Words about the art
My eldest sister e-mailed me yesterday and asked me to send her some of my "radiation," paintings. I knew what she meant. It was stuff from right after the earthquake and resulting nuclear disaster. I went into my hard drive to see what I could turn up. it has only been a few years, but it is shocking how things get misplaced, in my computer as well as my studio. I have had one hard drive, my main back up go bad on me since then, perhaps it is the reason. But that an excuse. it is all i can do to make this stuff. i just don't have much time or energy left over to organize it.
This is supposed to be my "Words about Art," section, though I find right now I haven't any. I remember those days and these artworks, better than my hard drive does, but I don't have anything more to say about them at the present time.
About my exhibition of Jizo Paintings, some time ago
I saw an exhibition of Rembrandt etchings, small dark prints in great big wide frames. It got me thinking about frames. It had been my job in New York for a while, making frames. I also worked for an abstract artist, textures were his specialty.
These things combined in my thoughts with the Japanese scrolls I was learning to make. Scrolls serve many purposes, one is is aesthetic. A monochrome painting is enhanced by the combination of colors and textures in which the scroll surrounds it.
Looking at the Rembrandts I though of making my own series of dense dark paintings and surrounding them with frames, using the tricks of frame making, texture and abstraction in service of my own images. Abstract painting tricks in service of a figurative image.
Unlike the modern acrylics I had used in New York, I decided to work with more permanent and traditional materials that were used in frame making from before the Renaissance, wooden panels, plaster based gesso, gold and silver leaf, Japanese urushi.
The images inside is a whole other story.
From first moving to this quiet and protected part of Tokyo I had noticed the stone men and women. Little stone men mostly, stuck along the street, later I found they were mostly called, jizos. But I didn’t know that word at the time. I asked neighbors about the little stone men. Many people didn’t understand. They didn’t see them. They were so mush a part of the neighborhood they didn’t notice them.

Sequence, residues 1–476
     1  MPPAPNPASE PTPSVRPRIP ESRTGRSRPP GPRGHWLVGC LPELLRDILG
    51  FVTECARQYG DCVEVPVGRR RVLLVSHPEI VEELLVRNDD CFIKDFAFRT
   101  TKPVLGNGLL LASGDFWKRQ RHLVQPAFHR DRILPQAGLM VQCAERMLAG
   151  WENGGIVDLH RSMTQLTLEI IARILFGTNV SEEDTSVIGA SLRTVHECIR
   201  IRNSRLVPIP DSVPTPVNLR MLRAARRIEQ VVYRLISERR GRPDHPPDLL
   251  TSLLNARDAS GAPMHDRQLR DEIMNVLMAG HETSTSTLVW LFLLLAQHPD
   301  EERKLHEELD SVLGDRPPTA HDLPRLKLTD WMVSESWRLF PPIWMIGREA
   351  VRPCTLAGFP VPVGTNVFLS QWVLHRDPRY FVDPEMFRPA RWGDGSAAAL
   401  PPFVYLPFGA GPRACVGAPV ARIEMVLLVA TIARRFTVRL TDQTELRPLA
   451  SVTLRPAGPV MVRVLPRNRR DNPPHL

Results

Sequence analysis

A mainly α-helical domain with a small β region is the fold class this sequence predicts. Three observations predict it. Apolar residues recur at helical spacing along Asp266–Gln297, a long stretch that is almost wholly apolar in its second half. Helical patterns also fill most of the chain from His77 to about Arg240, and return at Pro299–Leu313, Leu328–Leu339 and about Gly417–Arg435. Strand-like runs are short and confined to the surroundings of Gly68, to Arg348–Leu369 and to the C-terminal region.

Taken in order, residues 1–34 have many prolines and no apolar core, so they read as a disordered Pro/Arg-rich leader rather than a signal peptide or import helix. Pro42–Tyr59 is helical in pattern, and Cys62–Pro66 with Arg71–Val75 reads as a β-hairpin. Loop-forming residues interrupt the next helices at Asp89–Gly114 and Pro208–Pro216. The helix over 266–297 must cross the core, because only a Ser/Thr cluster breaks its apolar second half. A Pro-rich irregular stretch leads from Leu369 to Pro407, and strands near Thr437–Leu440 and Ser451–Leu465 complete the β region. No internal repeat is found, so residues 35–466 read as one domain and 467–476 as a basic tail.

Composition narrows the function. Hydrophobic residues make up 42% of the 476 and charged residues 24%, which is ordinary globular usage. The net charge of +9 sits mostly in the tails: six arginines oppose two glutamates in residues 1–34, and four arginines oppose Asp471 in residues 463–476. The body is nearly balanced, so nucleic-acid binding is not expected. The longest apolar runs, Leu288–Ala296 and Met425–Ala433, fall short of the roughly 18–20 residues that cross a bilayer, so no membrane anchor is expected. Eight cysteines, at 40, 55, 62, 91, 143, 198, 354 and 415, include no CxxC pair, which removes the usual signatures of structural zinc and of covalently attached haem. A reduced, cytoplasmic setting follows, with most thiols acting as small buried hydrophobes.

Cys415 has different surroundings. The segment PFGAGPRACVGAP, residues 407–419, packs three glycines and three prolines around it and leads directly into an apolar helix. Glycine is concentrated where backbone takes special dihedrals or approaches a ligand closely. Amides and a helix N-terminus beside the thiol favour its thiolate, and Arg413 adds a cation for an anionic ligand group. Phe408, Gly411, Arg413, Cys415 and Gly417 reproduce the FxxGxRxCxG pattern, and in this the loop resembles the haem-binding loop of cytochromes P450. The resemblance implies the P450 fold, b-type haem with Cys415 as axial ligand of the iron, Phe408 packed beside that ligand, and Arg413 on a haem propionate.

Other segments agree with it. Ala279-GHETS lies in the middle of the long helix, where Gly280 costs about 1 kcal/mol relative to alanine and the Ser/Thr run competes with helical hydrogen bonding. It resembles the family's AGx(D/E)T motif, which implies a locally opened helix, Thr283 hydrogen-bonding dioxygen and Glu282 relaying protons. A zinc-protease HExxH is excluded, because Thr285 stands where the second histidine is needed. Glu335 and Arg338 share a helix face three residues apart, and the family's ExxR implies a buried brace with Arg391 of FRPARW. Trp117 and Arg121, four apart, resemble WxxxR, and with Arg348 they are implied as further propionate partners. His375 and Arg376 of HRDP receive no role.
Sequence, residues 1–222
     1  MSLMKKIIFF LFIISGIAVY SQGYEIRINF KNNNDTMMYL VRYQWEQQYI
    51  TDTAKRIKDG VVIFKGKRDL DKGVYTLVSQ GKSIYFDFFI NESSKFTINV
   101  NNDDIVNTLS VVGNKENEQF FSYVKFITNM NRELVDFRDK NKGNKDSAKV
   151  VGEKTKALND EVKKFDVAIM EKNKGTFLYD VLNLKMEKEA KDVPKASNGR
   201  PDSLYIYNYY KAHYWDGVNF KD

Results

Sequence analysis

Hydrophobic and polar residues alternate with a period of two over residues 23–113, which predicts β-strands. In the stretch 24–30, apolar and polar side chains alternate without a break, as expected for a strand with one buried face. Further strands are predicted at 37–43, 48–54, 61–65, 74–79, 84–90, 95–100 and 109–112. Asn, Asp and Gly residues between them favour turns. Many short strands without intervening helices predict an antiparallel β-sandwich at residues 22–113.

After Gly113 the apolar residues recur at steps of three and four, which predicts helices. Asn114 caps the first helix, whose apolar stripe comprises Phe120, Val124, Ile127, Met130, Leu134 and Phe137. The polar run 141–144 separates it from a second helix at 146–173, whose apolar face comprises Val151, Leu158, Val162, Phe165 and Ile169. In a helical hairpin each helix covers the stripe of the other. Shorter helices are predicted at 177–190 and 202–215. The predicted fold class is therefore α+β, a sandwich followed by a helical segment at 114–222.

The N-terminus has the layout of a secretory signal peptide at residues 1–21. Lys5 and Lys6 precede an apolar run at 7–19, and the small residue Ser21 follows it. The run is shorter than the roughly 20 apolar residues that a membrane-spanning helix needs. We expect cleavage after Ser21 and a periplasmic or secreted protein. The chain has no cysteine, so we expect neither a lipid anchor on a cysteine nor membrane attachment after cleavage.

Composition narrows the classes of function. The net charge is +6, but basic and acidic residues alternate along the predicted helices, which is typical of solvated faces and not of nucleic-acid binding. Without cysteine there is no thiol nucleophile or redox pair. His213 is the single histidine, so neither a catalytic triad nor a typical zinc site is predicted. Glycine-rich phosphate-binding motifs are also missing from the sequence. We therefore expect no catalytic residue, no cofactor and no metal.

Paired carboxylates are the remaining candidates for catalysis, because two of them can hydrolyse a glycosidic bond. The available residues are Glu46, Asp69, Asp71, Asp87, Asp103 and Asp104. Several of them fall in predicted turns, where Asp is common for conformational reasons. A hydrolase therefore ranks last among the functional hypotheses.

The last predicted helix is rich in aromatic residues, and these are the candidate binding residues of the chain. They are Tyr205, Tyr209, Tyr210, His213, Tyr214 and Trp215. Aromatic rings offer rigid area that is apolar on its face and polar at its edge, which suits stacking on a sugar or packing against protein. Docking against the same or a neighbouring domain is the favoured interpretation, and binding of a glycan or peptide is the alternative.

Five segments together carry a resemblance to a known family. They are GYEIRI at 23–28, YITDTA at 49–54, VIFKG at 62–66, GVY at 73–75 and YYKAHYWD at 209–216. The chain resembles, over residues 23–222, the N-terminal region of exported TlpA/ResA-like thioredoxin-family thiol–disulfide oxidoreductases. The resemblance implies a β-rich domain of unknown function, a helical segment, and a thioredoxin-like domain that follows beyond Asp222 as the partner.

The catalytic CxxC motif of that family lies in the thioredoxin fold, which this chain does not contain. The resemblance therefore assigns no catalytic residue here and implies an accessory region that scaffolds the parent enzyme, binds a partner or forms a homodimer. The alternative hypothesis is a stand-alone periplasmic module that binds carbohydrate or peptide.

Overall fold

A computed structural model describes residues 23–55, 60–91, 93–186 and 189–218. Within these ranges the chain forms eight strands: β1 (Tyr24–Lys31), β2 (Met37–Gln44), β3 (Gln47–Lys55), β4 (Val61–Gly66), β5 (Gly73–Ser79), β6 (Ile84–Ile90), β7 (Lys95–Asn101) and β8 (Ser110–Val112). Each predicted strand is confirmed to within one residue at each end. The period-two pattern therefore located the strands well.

There were no little stone men beside the road in Oneonta where I grew up. For me they stood out. And more than just the stones, there were also flowers. These lone stone men were cared for, tended, given fresh flowers. And there were lots of them, quite ancient, scattered around my part of town. They were not connected with a temple, or a house, or any other thing, except the neighborhood. They stood alone beside our roads.
I learned that most, though not all were stone representations of Ksitigarbha, a Buddhist saint that decided to refuse Buddhood, final enlightenment, until all hells were empty of beings. In Japan he is thought to be the protector of children. I found out that most, if not all of the little stone men along the roads of Yanaka were at one time memorials for children.
Yanaka, where I live, is a temple town. It was settled by temples that relocated here to gather around the great Kaneiji, a temple founded in early Edo as a protection. At that time people knew that bad luck comes from the northeast. Ueno Mountain was northeast of the Edo Castle, and the proper place to erect such a protection. As a result the area now is lousy with temples.
In many of the temple you will find jizos, usually in a line of six as they were in China. You will also find, in other parts of town, temples that sell cute stylized, big headed jizo stones to young ladies in memorial to their aborted fetuses, hundreds of them, all making money, all in a row. Many with little gifts of candy or toys from the lady that paid for the stone and rents the space.
My interest was not in these professional jizos, but rather in the stone men and stone women on my streets. Amateur jizos, stone neighbors.